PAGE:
Humans have long wondered on the origins of the "Man in the Moon," the craters on the moon that roughly form the shape of the human face.
Old stories suggest that the figure belonged to a man who was banished to the lunar orb for committing a crime, which of course isn't plausible. Earlier scientific theories, on the other hand, propose that the Oceanus Procellarum or the Ocean of Storms, as the feature is also known, was formed by an asteroid impact. Unfortunately, this idea is also marked by loopholes in that the Procellarum, which measures about 1,800 miles in diameter, does not have the features of an impact basin.
Findings of a new study provide proof that volcanic plume has something to do with the lunar feature. For the study, which was described in the journal Nature on October, the researchers used data from NASA's Gravity Recovery and Interior Laboratory (GRAIL) mission, which uses high-quality gravitational field mapping of the moon to study its structure.
The researchers identified linear gravitational anomalies that form a giant rectangle about 1,600 miles across that run underneath the Procellarum region and this casted doubts on the asteroid impact theory.
"The discontinuous surface structures that were earlier interpreted as remnants of an impact basin rim are shown in GRAIL data to be a part of this continuous set of border structures in a quasi-rectangular pattern with angular intersections, contrary to the expected circular or elliptical shape of an impact basin," the researchers wrote.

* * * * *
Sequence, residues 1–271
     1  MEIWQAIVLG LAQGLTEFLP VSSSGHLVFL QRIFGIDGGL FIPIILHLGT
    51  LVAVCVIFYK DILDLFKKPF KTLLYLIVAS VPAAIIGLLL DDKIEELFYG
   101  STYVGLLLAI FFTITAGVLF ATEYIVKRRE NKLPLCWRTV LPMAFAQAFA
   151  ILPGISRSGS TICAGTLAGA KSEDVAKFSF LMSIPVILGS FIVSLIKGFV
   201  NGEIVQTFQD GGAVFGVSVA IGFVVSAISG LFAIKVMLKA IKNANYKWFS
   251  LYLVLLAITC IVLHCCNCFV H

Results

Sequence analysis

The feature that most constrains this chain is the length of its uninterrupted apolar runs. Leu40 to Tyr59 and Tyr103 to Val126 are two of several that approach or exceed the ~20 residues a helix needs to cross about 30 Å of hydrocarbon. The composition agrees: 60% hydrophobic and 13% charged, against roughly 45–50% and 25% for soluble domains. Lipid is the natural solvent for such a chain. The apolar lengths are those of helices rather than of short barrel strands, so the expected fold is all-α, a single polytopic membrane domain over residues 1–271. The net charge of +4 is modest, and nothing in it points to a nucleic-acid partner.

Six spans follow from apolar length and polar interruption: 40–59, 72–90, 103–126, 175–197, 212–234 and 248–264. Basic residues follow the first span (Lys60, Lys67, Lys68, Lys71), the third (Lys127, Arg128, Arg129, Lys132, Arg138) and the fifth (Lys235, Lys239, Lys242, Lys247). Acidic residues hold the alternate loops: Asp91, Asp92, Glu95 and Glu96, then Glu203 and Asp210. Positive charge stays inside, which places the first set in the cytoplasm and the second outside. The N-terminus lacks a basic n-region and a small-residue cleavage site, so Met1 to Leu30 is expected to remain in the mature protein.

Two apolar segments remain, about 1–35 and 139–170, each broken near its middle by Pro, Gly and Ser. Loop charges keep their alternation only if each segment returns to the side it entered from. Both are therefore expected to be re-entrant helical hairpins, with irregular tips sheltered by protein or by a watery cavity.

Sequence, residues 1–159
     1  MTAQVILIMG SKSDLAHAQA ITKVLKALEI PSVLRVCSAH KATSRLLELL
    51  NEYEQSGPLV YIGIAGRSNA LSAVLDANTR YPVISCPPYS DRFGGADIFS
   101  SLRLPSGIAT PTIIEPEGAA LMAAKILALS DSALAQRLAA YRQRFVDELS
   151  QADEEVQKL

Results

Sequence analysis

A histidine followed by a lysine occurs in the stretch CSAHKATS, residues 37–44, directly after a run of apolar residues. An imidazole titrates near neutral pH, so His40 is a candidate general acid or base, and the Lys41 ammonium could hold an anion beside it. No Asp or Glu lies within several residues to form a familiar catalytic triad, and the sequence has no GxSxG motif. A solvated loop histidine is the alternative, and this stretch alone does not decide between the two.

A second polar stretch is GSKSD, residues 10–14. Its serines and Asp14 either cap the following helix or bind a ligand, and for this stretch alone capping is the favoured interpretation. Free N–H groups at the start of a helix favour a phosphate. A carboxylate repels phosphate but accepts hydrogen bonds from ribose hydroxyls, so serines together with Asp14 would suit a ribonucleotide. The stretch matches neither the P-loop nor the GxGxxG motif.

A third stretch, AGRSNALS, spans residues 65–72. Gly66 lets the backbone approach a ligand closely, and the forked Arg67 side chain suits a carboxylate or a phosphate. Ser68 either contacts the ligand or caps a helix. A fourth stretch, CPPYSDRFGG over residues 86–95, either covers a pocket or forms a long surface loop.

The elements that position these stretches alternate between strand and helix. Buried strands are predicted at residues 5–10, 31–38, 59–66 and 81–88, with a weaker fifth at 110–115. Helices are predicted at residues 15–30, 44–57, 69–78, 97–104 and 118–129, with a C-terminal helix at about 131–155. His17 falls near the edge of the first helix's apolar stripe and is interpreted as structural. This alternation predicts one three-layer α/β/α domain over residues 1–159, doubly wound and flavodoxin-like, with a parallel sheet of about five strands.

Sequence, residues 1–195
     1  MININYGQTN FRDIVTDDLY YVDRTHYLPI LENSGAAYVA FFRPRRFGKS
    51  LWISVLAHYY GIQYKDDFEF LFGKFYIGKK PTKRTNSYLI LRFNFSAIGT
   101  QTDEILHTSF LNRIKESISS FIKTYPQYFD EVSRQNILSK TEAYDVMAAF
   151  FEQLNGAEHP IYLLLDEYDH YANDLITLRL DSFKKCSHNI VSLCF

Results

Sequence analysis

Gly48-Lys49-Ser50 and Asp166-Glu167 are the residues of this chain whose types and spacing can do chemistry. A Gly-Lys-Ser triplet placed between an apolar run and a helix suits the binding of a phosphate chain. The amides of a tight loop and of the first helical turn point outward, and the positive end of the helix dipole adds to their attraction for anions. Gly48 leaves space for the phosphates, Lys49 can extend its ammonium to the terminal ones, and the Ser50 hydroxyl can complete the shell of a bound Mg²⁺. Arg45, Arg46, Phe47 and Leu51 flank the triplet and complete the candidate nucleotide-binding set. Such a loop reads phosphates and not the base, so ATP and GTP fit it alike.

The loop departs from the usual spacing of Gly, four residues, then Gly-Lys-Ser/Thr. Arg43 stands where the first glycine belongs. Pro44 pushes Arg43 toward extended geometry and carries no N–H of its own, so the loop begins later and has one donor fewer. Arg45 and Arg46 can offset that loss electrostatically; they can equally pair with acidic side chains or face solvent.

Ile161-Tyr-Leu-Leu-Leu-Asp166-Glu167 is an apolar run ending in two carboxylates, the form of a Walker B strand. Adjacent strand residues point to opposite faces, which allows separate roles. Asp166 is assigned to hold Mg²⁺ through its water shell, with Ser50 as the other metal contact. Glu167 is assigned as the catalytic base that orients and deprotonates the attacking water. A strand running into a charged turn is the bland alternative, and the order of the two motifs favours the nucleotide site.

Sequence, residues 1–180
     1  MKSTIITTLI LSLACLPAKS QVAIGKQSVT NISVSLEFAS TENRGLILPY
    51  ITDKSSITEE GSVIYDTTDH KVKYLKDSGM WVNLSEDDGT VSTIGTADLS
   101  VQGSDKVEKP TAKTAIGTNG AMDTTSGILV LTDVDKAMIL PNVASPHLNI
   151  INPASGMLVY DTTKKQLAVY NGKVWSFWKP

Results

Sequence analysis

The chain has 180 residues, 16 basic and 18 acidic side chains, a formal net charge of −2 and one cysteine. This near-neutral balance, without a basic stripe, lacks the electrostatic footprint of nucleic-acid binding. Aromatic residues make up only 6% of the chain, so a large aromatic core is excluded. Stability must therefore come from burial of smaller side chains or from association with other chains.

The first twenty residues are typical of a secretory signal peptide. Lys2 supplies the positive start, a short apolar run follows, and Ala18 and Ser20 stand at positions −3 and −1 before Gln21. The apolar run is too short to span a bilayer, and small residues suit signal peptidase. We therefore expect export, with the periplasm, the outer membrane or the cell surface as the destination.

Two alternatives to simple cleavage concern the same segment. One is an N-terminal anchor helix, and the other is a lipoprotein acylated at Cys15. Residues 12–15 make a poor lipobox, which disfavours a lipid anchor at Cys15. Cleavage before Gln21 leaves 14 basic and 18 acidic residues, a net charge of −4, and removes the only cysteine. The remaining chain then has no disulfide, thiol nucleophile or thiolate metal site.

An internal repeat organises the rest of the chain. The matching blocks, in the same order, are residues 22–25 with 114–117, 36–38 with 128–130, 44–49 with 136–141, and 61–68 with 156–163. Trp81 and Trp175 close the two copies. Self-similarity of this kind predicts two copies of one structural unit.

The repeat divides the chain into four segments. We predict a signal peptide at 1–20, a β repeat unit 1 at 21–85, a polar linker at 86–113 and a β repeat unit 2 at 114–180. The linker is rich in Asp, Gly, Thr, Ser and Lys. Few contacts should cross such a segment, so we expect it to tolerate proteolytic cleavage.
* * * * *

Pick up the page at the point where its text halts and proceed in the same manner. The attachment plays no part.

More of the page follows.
The researchers said that the shape was not likely formed by collision as this would have produced a more circular rim. Instead, the shape may have been the result of geological activity within the crust of the moon.
"Instead of a central circular gravity anomaly like all other impact basins, at Procellarum we see these linear features forming this huge rectangle," said study researcher James Head III, from the Department of Earth, Environmental and Planetary Sciences at Brown University. "This shape argues strongly for an internal origin and suggests internal forces."
The researchers interpreted this series of anomalies as valleys where the moon's crust has been stretched and thinned which were later filled by volcanic lavas more than 3 billion years ago.
"We interpret the gravity anomalies discovered by GRAIL as part of the lunar magma plumbing system -- the conduits that fed lava to the surface during ancient volcanic eruptions," said GRAIL mission principal investigator Maria Zuber.